Sep 14, 09
Melissa Romney-Jones is underappreciated in her time. She has amazing organization skills that are exceptionally underutilized in her job, and this fact is confirmed when she is fired out of the blue. Not that it comes to a huge surprise for Melissa. After all, she's pretty used to being fired by now.
The firing however comes at a very bad time for her. Melissa's sister is getting married and Melissa had a goal of being able to pay off her debt to her overbearing, nasty father by that time, and now with no job that prospect is looking pretty grim.
After meeting an old school chum at a bar by chance, Melissa has a job prospect but quickly realizes it is not what she expected. Realizing that she could do this job much better than her school chum and in a less...illegal way, she decides to take the plunge and opens her own business, The Little Lady Agency. She only had to sell her car, buy a wig, pretend to be someone she's not, and fall head over heels for one of her clients...maybe her skills as an organizer are limited after all. Melissa soon finds out that while she's genius at organizing others' lives she's not so great at organizing her own.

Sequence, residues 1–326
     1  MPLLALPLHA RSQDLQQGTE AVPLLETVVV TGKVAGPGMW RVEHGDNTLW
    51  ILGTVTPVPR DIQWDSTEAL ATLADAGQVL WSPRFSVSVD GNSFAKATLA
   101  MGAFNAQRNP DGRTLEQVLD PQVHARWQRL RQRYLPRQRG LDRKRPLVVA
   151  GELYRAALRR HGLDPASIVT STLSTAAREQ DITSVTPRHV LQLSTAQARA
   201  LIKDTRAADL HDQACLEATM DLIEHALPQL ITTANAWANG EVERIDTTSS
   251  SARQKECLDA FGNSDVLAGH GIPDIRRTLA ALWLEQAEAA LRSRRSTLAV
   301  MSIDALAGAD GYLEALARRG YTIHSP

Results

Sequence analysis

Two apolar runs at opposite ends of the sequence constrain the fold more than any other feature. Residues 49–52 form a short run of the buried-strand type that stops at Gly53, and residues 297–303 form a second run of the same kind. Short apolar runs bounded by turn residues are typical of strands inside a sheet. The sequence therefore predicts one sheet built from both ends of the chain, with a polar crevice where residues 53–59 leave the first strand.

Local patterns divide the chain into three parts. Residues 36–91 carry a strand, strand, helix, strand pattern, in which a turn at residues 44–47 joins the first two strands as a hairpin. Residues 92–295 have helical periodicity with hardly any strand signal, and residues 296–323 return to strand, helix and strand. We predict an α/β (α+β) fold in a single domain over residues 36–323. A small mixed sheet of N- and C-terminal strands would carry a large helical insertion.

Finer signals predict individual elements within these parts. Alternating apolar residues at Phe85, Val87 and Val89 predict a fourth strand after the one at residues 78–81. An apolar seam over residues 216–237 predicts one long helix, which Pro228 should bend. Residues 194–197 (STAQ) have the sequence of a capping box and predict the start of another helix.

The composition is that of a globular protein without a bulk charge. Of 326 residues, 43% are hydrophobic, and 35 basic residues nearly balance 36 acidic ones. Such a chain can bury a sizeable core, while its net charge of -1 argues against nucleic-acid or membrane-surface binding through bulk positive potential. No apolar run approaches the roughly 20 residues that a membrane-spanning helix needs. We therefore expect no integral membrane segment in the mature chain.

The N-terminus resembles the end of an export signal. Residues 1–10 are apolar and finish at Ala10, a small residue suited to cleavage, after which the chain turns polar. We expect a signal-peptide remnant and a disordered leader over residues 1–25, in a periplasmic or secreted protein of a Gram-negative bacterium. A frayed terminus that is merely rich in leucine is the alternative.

"The Little Lady Agency" sounded intriguing from the back cover, so I decided to give it a shot. I have to say I was...impressed with Browne's writing style. While I liked the main character Melissa very much, there were times when I just wanted to slap her and scream: "get with it sister!" For someone who is so organized and well-meaning Melissa is naïve, over-trusting, and exceptionally simplistic at times. As much as "Little Lady Agency" was about Melissa finding love, it was as much about learning a life lesson, that she has control over her own future.
Overall, I found Browne's characters exceptionally deep for chicklit, and I cannot wait to read the sequel to find out what happens to Melissa, Jonathan, and "The Little Lady Agency."